That leverage wasn't effectively used to  restrain the Islamic country's ambitions. President Ronald Reagan and British  Prime Minister Margaret Thatcher were known to nod and wink as the Pakistanis  went ahead and collected material for the "Islamic Bomb'. Virtually every  petro-dollar soaked Middle Eastern sheikdom and the likes of Libya's Colonel  Gaddafi funded and blessed the Pakistani project.

The progress of the Islamic Bomb was  known to Indian intelligence as well but New Delhi's protests were brushed  aside. Since the CIA and the NSA couldn't but be aware of Pakistan's progress, the  explanation for such cavalier behaviour is the West was willing to look the  other way because a few crude bombs in Pakistan's basement were too distant to  be of any real danger to Europe or America. Now we know better - Islamic  terrorists are working overtime to somehow smuggle a nuclear bomb into America  or Europe.

However, the Oscar for proliferation  goes to China that has helped create a nuclear supermarket. In 1966, just two  years after it tested a nuclear weapon, Beijing handed over the blueprints for  a simple uranium atomic bomb to the Pakistanis, firing up their delusional  dreams of parity with India. You could call it China's export model, a  sophisticated device, sketches of which later showed up in Libya, Iran and  Algeria.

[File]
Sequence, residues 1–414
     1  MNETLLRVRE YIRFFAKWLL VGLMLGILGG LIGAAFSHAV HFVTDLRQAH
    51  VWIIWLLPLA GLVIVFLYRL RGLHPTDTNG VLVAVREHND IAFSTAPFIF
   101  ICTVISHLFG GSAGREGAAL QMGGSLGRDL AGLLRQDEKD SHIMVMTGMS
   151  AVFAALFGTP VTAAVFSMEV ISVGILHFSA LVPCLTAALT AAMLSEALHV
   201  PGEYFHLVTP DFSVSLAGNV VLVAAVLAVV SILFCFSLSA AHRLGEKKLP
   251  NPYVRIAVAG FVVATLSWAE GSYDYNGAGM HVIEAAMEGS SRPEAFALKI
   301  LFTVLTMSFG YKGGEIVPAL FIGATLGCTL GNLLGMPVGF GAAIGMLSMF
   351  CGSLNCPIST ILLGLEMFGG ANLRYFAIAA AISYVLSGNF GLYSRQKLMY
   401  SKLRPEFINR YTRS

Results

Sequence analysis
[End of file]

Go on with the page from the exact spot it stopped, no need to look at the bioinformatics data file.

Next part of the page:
For all their tireless efforts, the  Pakistanis - who had in the meantime also stolen Dutch nuclear technology -  were unable to produce a bomb. So Beijing bailed them out again. A declassified  State Department memo obtained by the National Security Archive in Washington  reveals that in 1982 China passed on the technology for fissile material  production as well. It also dispatched advisers to help out their ally. Still,  it took the Pakistanis another eight years to produce a bomb, which the Chinese  were kind enough to test in the Lop Nor desert in May 1990.

In their book The Nuclear Express,  Thomas C. Reed, former US Air Force Secretary and a veteran of the Livermore  weapons laboratory in California, and Danny B. Stillman, former director of  intelligence at Los Alamos, say China's export model was designed that nearly "anybody  could build."